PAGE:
Tangerine Dream
The Seven Letters From Tibet


4.5
superb

Review

by Daniel Incognito EMERITUS
March 27th, 2006 | 5 replies | 9,924 views


Release Date: 2000 | Tracklist


Tangerine Dreams work has always been high in meaning and sub-text. Their studio albums have often focused on space and the world around us, with albums like Phaedra, Alpha Centurai and Zeit all creating their own unique subconscious worlds. In the 90s Tangerine Dream somewhat lost sight of those intricate themes, opting for less complex melodies and insistent percussive beats. Unfortunately their decade long experiment didn't produce many aces with only a few notable albums like Transsiberia and Tournado. However the turn of the century in the Gregorian calendar brought about a whole new level of spiritualism for Tangerine Dream and an escape from driving percussion. Albums such as Mota Atma (Atma meaning the spirit and Mota referring to the Indian spiritual leader Pujya Mota), Inferno and Puragtorio all have heavy new-age spiritualistic leanings. [i]Inferno and Puragtori are based purely on the 14th century epic literary piece, la Divina Commedia by Italian poet Dante Alighieri.

Although Tangerine Dream have professed to hate the term new-age; The Seven Letters From Tibet could be easily considered under this broad term. The entire album centres on the number 7 and the spirituality involving it. The theosophical idea of the septenary (which claims that the universe is ordered by the number seven) can be found ingrained throughout this album. The Seven Letters From Tibet contains seven songs, which are named after the seven colours of the rainbow (Although yellow and violet are referred to as Gold and purple). The other half of the song names refers to the Septenary idea that human nature consists of seven principles; the physical body - blood, the phantom body - breath, the life principle - heart, the desire form - land, the ordinary mind which attaches itself to desire - pearl, the spiritual soul - clouds and the one with absolute - all curtains. It is easy to draw readings from the music and the album itself; however Tangerine Dream does not try to force any ideals onto the listener, venerating the themes in a subtle style that allows listeners to draw their own conclusions.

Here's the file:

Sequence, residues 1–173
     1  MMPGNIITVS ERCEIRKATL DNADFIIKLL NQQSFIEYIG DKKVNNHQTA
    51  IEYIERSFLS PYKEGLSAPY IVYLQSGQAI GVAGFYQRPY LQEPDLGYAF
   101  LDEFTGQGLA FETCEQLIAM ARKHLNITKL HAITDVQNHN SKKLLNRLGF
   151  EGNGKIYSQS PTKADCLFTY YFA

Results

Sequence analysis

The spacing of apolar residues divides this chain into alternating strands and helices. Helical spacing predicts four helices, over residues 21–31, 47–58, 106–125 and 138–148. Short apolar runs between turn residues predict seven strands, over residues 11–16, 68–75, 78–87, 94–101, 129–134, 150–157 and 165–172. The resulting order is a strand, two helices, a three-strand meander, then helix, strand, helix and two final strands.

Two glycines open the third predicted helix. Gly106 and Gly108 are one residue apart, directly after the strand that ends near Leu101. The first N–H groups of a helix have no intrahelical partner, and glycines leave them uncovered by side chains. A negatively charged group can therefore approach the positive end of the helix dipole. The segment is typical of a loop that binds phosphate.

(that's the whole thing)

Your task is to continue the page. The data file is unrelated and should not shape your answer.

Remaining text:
Structurally The Seven Letters From Tibet most closely resembles typical Classical music, with the album separated into different movements that all contribute to the same theme. However neither the instruments nor the sound can be classified as Classical. The two primary instruments used are the keyboards of Edgar Froese and his son Jerome Froese with a mix of other sampled sounds, mostly orthodox Asian flutes and string instruments. Percussion is practically a no-show on The Seven Letters From Tibet with only brief and smothered appearances made. This only adds to the overall meditative effect. At times The Seven Letters From Tibet tries to soothe the listener with ethereal washes, sonorous keyboard notes that sound like choral voices and delicate Asian string instruments, as perfected in The Orange Breath. Yet at times the album is quite dense in sound, with much deeper overcast tones like in the opening Red Blood Connection.

The album delves into a very mystical and fantasy like feel later on in The Green Land and The Golden Heart. Yet somehow that touching atmospheric sound is not lost. A piano solo is enshrouded in the middle of The Green Land in a simple but earnest form accompanied by dreamlike synthesized voices. Tangerine Dreams perfection of transitions shines through in The Green Land and The Blue Pearl, with the music flowing down to its end like a river down to the ocean.